What does it mean to be a woman in the church? I have clear memories from growing up of sitting around my grandparents’ dining table and hearing stories that answered this question. Stories about women in my family would pour out about Mennonite women’s complex and often painful journeys towards having the choice to wear a head covering. Today, when I think of difficulties facing women in the church, these stories are the first that come to my mind. However, though these stories speak for the women that have come before me, I am challenged to think of my own story. What does it mean to be a young woman in the church today?
I had the opportunity to wrestle with this question this past Sunday night at a reflection night hosted by the Goshen Student Women’s Association. The goal of the night was to open a space for women to talk about their experience in the church and to share ways they have, or have not, felt welcomed by the church. Three young women from the Associated Mennonite Biblical Seminary, a few faculty members and about 15 students shared their experiences with this issue.
After breaking up into small discussion groups, the group reconvened and offered their thoughts. As I sat there collecting stories, a common theme stuck out to me. Young women have been hurt by the church. Because of the church’s exclusive language and a lack of female leadership, young women have felt pushed away.
However, at the same time, young women have felt loved by the church. Through opportunities for fellowship and social and spiritual growth, these women have felt pulled towards the church. This dissonance is a struggle for many women. How do you respond to something that is so loving but so hurtful at the same time?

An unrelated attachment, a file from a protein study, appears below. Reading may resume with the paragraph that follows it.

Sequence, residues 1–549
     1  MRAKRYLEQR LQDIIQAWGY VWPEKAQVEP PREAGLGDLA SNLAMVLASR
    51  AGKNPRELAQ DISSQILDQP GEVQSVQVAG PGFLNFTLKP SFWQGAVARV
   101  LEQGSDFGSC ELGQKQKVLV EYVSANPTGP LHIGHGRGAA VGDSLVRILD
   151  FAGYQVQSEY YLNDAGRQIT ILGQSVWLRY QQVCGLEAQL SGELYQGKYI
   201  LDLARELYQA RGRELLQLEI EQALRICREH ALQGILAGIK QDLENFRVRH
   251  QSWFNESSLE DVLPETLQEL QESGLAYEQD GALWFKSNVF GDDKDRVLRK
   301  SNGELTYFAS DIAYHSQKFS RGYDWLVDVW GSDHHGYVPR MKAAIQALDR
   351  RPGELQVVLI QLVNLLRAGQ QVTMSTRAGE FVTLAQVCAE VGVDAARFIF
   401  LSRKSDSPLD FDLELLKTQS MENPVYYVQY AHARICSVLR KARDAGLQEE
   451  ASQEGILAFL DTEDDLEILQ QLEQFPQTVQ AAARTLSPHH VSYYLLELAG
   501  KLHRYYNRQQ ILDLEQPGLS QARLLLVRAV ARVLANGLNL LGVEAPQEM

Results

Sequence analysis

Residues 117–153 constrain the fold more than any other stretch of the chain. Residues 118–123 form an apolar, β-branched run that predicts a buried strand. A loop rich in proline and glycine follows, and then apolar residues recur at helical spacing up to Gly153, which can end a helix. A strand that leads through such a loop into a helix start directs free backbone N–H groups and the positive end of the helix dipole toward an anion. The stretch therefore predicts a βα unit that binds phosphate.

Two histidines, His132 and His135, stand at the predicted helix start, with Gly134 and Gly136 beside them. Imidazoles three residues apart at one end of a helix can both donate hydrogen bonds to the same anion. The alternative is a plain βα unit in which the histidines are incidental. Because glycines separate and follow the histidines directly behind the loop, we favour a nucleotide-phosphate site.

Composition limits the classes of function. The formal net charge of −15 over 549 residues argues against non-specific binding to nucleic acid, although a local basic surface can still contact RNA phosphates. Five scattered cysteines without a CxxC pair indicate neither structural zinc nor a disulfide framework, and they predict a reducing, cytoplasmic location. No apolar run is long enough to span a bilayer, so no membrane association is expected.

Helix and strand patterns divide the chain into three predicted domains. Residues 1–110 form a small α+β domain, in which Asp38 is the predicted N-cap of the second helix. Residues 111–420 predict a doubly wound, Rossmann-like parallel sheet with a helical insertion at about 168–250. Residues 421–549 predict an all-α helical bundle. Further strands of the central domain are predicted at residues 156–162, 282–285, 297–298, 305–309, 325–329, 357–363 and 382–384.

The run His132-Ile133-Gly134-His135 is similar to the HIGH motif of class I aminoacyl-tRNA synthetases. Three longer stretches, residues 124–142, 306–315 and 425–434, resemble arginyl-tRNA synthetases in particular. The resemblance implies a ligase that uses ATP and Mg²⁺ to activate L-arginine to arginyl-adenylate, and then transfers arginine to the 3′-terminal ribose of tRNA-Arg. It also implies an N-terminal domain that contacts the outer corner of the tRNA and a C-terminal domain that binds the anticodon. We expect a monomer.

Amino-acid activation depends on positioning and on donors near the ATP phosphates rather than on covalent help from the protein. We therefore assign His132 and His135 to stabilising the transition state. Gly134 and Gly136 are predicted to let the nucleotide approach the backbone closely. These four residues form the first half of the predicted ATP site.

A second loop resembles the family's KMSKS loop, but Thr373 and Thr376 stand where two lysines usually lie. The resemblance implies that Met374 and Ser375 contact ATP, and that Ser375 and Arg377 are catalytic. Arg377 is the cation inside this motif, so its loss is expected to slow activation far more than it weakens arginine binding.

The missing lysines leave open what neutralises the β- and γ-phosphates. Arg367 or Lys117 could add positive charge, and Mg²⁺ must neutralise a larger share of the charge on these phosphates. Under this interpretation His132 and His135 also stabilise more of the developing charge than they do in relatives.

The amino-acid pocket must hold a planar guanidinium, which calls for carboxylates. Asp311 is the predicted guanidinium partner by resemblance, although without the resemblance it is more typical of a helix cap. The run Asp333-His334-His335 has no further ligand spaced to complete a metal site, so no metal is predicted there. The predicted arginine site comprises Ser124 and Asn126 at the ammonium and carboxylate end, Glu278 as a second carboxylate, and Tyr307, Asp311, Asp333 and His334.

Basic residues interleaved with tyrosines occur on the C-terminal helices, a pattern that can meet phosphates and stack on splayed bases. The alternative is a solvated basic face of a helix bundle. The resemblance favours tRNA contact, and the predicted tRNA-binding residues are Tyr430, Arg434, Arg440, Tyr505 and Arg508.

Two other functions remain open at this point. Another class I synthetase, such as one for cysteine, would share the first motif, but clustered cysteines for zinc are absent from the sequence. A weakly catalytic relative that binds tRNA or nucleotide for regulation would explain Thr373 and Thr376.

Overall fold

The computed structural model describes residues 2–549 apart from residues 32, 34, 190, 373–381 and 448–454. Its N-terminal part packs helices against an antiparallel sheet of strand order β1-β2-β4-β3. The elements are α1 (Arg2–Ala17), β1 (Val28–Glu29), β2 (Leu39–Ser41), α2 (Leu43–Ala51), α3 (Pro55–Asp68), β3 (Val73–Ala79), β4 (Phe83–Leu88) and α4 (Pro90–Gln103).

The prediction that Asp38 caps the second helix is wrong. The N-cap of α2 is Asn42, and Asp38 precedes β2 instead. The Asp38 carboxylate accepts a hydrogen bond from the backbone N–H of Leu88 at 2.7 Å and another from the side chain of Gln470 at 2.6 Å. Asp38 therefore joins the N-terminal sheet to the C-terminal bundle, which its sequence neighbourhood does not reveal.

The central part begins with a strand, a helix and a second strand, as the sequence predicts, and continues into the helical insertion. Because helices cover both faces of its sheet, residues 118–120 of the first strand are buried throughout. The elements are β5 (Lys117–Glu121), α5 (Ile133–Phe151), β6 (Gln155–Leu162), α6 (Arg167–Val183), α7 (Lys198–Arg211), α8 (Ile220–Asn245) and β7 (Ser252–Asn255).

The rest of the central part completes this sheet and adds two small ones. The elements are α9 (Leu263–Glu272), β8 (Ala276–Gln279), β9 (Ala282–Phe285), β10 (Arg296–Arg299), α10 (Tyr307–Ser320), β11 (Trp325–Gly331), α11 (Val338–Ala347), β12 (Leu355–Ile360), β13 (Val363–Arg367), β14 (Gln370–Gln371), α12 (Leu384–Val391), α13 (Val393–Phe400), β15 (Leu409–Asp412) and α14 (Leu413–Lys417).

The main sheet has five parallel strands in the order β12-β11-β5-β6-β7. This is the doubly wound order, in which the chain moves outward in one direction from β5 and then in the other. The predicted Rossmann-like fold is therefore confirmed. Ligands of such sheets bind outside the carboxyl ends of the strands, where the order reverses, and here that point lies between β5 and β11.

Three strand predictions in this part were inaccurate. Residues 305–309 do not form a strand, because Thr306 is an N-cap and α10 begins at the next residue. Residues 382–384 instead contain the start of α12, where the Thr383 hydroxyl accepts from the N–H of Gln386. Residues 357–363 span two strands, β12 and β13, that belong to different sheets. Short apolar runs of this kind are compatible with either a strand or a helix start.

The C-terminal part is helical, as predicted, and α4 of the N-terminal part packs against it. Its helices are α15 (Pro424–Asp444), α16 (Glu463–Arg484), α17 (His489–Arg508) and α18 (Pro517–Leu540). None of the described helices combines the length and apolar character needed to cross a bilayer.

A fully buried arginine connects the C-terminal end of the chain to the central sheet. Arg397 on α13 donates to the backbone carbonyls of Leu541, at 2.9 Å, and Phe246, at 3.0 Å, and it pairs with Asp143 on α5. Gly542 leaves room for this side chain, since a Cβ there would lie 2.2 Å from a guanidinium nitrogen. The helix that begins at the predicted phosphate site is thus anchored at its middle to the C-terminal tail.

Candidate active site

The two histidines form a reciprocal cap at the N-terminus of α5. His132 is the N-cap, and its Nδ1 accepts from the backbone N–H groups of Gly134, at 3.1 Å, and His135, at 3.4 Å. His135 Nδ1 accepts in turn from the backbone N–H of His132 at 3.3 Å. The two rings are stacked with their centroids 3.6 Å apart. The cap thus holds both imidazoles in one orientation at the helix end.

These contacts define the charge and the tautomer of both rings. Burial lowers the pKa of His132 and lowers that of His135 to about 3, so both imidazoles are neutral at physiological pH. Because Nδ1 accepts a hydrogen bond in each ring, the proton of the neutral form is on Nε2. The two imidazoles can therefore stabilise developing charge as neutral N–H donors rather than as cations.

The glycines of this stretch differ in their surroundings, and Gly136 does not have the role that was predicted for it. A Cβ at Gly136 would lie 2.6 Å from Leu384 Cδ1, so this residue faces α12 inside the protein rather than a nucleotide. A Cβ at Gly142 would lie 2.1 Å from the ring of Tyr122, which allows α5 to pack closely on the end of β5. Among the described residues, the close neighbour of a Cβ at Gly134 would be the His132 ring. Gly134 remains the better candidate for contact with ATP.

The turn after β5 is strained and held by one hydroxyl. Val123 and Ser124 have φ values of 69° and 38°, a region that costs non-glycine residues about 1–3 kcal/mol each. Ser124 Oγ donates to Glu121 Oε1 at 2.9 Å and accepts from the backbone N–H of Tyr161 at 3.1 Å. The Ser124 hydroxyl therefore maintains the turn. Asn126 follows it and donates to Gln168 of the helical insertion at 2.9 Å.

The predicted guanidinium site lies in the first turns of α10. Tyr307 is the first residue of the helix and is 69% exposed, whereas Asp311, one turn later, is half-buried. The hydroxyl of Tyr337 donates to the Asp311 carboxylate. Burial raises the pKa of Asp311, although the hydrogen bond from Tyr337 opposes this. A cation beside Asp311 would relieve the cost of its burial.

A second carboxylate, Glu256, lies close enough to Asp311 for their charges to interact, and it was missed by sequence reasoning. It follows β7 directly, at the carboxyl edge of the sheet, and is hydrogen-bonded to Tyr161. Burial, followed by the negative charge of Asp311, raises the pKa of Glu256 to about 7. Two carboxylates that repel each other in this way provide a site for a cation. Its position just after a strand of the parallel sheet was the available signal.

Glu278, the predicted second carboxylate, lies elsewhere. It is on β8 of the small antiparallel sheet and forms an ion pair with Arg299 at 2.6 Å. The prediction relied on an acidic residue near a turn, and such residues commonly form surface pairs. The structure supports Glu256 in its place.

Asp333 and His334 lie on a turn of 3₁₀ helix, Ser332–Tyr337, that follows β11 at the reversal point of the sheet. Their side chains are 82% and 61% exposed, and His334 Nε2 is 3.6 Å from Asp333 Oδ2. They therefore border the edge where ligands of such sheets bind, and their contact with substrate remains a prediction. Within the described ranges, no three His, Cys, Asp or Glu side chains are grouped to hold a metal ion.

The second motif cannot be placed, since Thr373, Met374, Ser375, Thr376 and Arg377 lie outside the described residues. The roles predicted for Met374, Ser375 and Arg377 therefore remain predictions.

Older generations of women have responded to this struggle by joining together and forming groups within the church as a space for support. But for my generation, the story is different. Our struggle is difficult to name because it is not embodied through the marking of the covering, but is instead embedded in layers of institutionalized sexism and patriarchy. Our response is different, too. We are not as patient as those who came before us—we do not want to wait for change. We want in the church, and we want in now.
As a result, many young women have decided to leave the church out of frustration, which takes a huge toll. There has been a decrease in the number of women in leadership and there has been a lack of opportunities for safe spaces, like the ones that have been so life giving to generations of women, to form.
What I took away from this night was a broader understanding of not only the
experiences of young women in the church around me, but of my own experience as a woman. I carry with me the stories of my grandmothers and mother, but I also hold my own unique story of pain amidst a deep love for the church. I hope that Goshen College and the broader church can find and open a space for young women to share their experiences so that all are heard and welcome at the table.